Dreams are essentially stories we play out in our head overnight; they can follow a linear narrative or be abstract. Scientists estimate that we have roughly 3-6 dreams in one night and around 95% of these dreams are forgotten the following morning.
Dreaming occurs during the REM (Rapid Eye Movement) cycle of sleep. During REM sleep, your eyes move quickly in different directions. Usually, REM sleep happens 90 minutes after you fall asleep. You tend to have intense dreams during this time as your brain is more active.
“Dreaming is a thinking process. In fact, it is a continuation of your thoughts from the day. That chatter in your head that goes on all day long continues as you drift off to sleep, and, once you enter REM sleep, when dreaming takes place, those thoughts continue in symbols and metaphors instead of in words.”
Dreams have fascinated people since the beginning of recorded history. In ancient Egypt, people with vivid dreams were considered to be blessed with special insight, and many of their dreams have been found recorded on papyrus. In fact, the Egyptians believed that one of the best ways to receive divine revelation was through dreaming, and some people even slept on sanctified “dream beds” to gain wisdom from the gods.
In the 19th and 20th centuries, scholars largely abandoned these supernatural ideas. Prominent figures such as Sigmund Freud and Carl Jung instead concluded that dreams provided insights into the inner workings of the mind. In his book The Interpretation of Dreams, Freud detailed a complex system of dream analysis. At its core, his theory stated that while our conscious minds slumber, our unconscious minds produce images that can give us special insight into our deepest selves.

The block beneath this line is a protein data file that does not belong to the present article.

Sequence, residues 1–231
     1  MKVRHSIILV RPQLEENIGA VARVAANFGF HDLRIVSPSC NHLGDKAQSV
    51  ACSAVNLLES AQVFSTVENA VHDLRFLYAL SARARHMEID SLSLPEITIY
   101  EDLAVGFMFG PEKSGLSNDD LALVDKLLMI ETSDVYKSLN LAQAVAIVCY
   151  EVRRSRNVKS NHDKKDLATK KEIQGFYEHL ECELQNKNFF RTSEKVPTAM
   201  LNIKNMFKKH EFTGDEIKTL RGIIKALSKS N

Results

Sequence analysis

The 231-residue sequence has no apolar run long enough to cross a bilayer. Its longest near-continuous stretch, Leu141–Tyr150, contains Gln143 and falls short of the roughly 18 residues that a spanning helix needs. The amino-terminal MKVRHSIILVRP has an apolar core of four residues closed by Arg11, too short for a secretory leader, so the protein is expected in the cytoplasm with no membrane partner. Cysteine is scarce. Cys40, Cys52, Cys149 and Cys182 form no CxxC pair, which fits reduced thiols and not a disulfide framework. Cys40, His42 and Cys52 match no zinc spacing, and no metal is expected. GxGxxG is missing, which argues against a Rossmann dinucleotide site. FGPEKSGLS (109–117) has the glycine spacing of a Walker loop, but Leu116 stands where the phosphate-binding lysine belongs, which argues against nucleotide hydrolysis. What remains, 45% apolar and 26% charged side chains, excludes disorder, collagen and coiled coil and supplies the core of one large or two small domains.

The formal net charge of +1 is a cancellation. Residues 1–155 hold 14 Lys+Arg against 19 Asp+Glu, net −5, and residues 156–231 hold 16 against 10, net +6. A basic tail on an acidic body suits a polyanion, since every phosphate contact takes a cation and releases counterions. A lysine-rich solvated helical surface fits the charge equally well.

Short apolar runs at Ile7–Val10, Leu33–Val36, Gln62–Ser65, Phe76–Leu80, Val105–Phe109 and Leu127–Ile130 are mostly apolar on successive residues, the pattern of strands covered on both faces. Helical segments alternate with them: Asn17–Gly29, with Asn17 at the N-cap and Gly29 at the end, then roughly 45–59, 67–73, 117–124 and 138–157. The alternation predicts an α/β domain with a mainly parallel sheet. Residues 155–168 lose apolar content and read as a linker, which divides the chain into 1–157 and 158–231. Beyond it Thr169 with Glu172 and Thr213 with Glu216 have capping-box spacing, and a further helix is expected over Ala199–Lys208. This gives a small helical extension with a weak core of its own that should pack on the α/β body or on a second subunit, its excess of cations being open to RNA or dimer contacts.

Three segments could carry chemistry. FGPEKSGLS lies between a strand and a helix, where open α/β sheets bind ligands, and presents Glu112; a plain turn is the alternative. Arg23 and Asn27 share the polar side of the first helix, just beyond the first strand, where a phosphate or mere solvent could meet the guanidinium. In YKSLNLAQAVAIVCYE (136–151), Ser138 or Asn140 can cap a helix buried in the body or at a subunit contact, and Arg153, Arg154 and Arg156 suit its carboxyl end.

“During REM, the brain is working differently to when we are awake; certain parts of the brain have become dormant, such as the prefrontal cortex which controls rational thought, while other parts become highly active, such as the amygdala, the part of the brain that controls emotions. Through the dreaming process, you are continuing your thoughts about your day: your mistakes, your achievements, your hopes for tomorrow. Your dream thoughts are actually more focused and significantly more profound because your dreams provide you metaphoric commentary on yourself.”